4. Haffner D, Emma F, Eastwood DM, et al: Clinical practice recommendations for the diagnosis and management of X-linked hypophosphatemia. Nat Rev Nephrol 2019 Jul;15(7):435-455. doi: 10.1038/s41581-019-0152-5

5. Fauconnier C, Roy T, Gillerot G, et al: FGF23: Clinical usefulness and analytical evolution. Clin Biochem 2019 Apr;66:1-12. doi: 10.1016/j.clinbiochem.2019.03.002

Day(s) and Time(s) Performed

Wednesdays; 9 a.m.

Analytic Time

1 day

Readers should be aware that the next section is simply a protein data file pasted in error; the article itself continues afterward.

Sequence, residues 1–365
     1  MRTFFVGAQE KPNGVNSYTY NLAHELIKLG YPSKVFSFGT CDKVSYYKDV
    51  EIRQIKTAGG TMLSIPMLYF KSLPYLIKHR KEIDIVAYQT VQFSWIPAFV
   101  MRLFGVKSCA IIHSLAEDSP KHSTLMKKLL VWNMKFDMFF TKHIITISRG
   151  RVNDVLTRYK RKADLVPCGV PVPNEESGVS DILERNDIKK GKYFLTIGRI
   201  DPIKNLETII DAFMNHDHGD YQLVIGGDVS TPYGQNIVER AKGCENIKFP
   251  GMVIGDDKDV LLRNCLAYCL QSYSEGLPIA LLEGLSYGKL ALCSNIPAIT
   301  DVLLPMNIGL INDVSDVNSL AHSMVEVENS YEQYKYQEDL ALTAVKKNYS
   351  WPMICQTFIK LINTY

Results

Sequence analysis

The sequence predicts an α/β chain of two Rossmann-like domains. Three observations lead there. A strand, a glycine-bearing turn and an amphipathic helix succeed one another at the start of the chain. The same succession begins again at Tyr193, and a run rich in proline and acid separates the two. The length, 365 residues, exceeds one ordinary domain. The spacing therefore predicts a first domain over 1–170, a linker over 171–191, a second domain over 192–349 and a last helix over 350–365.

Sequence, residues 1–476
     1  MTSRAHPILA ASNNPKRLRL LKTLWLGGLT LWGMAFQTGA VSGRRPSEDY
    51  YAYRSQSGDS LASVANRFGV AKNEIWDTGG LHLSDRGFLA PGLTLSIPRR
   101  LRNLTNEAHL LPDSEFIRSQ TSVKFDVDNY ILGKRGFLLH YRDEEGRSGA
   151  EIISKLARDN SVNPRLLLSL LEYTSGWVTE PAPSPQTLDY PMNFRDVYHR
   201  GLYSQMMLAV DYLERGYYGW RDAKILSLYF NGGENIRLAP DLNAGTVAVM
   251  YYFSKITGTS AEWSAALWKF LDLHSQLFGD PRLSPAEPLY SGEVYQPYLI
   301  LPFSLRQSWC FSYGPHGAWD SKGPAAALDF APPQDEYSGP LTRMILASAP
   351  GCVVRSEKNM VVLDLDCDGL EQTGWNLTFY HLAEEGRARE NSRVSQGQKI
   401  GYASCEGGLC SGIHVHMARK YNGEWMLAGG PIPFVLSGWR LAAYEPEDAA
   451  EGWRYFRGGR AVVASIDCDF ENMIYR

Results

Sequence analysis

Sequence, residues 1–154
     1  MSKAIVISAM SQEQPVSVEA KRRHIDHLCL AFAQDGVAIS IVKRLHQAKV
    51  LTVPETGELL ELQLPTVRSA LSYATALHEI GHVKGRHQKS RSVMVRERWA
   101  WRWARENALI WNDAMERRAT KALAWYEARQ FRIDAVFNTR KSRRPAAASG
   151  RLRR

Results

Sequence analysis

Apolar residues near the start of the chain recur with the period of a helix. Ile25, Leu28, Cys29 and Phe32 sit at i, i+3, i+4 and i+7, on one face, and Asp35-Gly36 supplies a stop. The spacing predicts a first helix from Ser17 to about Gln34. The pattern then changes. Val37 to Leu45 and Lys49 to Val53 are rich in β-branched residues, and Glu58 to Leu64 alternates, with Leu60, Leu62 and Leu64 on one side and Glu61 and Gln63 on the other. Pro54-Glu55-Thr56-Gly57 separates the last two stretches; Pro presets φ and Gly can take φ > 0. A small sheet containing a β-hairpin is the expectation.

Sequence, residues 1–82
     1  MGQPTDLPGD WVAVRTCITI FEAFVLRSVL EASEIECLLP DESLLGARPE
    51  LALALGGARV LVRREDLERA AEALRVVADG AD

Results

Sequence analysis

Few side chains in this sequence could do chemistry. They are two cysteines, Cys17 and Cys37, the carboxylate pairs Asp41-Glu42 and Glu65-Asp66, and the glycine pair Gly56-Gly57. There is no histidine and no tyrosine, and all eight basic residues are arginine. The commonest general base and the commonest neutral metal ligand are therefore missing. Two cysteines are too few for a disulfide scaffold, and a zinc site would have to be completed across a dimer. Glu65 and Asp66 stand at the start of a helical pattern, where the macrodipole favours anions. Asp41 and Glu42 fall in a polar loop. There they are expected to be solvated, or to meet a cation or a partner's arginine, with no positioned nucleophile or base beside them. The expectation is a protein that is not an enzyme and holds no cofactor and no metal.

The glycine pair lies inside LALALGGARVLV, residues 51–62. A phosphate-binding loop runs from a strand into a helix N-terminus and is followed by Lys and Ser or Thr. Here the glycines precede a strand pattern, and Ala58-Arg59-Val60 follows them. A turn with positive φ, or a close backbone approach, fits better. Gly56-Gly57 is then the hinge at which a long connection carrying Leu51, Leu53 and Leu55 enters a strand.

Test Classification

This test was developed and its performance characteristics determined by Mayo Clinic in a manner consistent with CLIA requirements. This test has not been cleared or approved by the U.S. Food and Drug Administration.

CPT Code Information

83520

LOINC Code Information

Test ID Test Order Name Order LOINC Value
IFG23 Intact Fibroblast Growth Factor 23 54390-0

 

Result ID Test Result Name Result LOINC Value
607216 Intact Fibroblast Growth Factor 23 54390-0

Forms

If not ordering electronically, complete, print, and send a Renal Diagnostics Test Request (T830) with the specimen.